II. Terror to his enemies, Deut. 32:40-42. Terror indeed to those that hate him, as all those do that serve other gods, that persist in wilful disobedience to the divine law, and that malign and persecute his faithful servants. These are those to whom God will render vengeance, those his enemies that will not have him to reign over them. In order to alarm such in time to repent and return to their allegiance, the wrath of God is here revealed from heaven against them. 1. The divine sentence is ratified with an oath (Deut. 32:40): He lifts up his hand to heaven, the habitation of his holiness; this was an ancient and very significant sign used in swearing, Gen. 14:22. And, since he could swear by no greater, he swears by himself and his own life. Those are miserable without remedy that have the word and oath of God against them. The Lord hath sworn, and will not repent, that the sin of sinners shall be their ruin if they go on in it. 2. Preparation is made for the execution: The glittering sword is whet. See Ps. 7:12. It is a sword bathed in heaven, Isa. 34:5. While the sword is in whetting, space is given to the sinner to repent and make his peace, which, if he neglects, will render the wound the deeper. And, as the sword is whet, so the hand that is to wield it takes hold on judgment with a resolution to go through with it. 3. The execution itself will be very terrible: The sword shall devour flesh in abundance, and the arrows be made drunk with blood, such vast quantities of it shall be shed, the blood of the slain in battle, and of the captives, to whom no quarter shall be given, but who shall be put under military execution. When he begins revenge he will make an end; for in this also his work is perfect. The critics are much perplexed with the last clause, From the beginning of revenges upon the enemy. The learned bishop Patrick (that great master) thinks it may admit this reading, From the king to the slave of the enemies, Jer. 50:35-37. When the sword of God’s wrath is drawn it will make bloody work, blood to the horse-bridles, Rev. 14:20.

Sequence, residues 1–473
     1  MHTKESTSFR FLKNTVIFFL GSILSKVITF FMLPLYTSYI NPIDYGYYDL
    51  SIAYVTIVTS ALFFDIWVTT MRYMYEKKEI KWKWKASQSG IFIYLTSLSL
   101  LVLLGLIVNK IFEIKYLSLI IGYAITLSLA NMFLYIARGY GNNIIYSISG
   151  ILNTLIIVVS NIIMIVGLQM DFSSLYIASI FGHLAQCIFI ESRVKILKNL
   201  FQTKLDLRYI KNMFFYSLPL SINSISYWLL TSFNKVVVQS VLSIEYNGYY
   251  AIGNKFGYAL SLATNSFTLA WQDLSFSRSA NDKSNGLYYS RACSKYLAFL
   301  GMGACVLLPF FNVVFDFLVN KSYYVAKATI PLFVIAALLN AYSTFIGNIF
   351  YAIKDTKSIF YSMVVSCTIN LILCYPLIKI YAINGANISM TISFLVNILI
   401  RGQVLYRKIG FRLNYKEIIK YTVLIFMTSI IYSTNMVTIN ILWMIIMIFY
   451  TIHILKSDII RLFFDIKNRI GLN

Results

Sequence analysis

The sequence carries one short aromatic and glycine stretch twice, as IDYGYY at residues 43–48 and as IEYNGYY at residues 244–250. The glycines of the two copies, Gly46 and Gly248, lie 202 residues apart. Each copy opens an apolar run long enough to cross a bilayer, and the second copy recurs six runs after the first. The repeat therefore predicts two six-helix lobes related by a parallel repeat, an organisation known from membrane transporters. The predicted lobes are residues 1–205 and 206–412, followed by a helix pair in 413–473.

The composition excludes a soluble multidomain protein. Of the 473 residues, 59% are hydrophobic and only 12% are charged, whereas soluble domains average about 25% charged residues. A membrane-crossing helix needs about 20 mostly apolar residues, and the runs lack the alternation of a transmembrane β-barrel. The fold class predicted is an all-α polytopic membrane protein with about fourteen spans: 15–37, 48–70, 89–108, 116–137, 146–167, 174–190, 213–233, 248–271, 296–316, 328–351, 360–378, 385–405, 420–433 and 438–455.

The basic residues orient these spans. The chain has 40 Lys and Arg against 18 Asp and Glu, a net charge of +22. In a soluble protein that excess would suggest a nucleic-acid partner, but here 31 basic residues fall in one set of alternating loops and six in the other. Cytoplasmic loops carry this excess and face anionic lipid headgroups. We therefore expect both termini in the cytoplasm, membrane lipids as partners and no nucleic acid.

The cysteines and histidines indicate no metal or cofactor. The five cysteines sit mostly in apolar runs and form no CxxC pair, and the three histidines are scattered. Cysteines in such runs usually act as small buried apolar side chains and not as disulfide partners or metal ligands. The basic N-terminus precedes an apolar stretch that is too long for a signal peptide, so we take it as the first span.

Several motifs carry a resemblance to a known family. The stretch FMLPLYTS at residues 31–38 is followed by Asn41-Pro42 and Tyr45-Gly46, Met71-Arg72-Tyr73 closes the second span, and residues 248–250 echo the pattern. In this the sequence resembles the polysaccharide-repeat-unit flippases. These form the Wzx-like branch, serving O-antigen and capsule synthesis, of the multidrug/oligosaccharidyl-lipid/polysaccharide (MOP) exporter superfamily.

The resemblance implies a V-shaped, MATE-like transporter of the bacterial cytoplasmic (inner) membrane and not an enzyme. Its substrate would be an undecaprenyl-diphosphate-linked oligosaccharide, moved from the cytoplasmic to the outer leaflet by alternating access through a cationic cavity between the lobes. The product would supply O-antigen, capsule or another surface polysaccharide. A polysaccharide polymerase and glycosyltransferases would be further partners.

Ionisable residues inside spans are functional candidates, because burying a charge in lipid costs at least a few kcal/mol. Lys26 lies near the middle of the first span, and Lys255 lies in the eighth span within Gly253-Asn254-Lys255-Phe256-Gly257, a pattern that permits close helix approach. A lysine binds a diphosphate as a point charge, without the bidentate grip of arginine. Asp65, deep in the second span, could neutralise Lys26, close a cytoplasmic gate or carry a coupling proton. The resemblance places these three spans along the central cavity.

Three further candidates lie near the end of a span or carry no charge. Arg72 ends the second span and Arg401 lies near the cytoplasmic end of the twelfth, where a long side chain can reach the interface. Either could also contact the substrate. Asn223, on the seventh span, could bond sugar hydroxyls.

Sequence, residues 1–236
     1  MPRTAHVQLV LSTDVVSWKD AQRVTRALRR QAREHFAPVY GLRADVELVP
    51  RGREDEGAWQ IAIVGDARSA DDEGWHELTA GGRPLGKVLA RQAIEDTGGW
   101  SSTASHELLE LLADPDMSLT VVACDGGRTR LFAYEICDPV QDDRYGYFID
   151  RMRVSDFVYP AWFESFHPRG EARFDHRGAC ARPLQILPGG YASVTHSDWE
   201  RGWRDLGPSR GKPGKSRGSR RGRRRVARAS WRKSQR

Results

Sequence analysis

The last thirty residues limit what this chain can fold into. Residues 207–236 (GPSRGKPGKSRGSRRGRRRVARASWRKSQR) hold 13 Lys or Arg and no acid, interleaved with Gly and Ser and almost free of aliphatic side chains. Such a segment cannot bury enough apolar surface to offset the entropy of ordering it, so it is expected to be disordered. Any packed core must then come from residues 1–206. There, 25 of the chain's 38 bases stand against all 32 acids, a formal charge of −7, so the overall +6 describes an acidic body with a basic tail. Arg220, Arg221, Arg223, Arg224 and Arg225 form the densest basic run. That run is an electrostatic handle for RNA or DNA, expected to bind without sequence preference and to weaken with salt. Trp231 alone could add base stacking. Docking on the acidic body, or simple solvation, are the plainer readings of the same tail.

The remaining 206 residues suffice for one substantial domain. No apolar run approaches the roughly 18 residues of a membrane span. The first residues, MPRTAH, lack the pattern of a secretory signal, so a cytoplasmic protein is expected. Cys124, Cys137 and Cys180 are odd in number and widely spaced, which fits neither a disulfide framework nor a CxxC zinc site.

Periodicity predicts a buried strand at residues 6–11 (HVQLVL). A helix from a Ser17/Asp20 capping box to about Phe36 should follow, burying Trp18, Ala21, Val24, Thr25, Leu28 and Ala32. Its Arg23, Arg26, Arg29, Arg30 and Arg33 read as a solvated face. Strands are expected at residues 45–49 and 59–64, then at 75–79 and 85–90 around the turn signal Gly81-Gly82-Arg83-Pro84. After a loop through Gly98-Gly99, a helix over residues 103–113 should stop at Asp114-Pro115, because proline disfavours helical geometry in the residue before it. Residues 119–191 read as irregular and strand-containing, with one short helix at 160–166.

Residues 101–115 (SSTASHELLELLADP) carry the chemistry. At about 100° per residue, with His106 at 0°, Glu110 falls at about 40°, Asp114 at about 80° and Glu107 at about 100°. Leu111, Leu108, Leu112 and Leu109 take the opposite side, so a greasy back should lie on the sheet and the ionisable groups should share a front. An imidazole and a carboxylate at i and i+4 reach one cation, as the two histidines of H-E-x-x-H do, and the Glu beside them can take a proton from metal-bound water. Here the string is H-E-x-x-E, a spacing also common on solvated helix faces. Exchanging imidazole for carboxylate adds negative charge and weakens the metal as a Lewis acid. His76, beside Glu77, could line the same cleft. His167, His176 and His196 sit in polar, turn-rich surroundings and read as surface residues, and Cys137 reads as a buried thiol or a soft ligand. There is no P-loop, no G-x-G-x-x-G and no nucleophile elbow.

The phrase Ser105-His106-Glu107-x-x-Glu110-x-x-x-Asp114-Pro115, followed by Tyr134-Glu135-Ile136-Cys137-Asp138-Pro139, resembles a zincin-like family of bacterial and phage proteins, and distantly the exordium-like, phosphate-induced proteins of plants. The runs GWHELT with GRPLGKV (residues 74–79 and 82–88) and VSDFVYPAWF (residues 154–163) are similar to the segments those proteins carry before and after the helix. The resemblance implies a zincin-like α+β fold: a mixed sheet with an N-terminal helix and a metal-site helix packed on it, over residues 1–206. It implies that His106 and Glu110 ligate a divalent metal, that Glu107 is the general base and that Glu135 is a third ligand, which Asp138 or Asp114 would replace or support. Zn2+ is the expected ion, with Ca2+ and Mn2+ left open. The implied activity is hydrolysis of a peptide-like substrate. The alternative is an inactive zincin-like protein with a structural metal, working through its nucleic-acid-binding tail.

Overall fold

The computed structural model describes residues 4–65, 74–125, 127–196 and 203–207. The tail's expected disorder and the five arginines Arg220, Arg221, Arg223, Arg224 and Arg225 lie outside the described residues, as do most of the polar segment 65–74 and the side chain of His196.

III. Comfort to his own people (Deut. 32:43): Rejoice, O you nations, with his people. He concludes the song with words of joy; for in God’s Israel there is a remnant whose end will be peace. God’s people will rejoice at last, will rejoice everlastingly. Three things are here mentioned as the matter of joy:—1. The enlarging of the church’s bounds. The apostle applies the first words of this verse to the conversion of the Gentiles. Rom. 15:10; Rejoice you Gentiles with his people. See what the grace of God does in the conversion of souls, it brings them to rejoice with the people of God; for true religion brings us acquainted with true joy, so great a mistake are those under that think it tends to make men melancholy. 2. The avenging of the church’s controversies upon her adversaries. He will make inquisition for the blood of his servants, and it shall appear how precious it is to him; for those that spilt it shall have blood given them to drink. 3. The mercy God has in store for his church, and for all that belong to it: He will be merciful to his land, and to his people, that is, to all every where that fear and serve him. Whatever judgments are brought upon sinners, it shall go well with the people of God; in this let Jews and Gentiles rejoice together.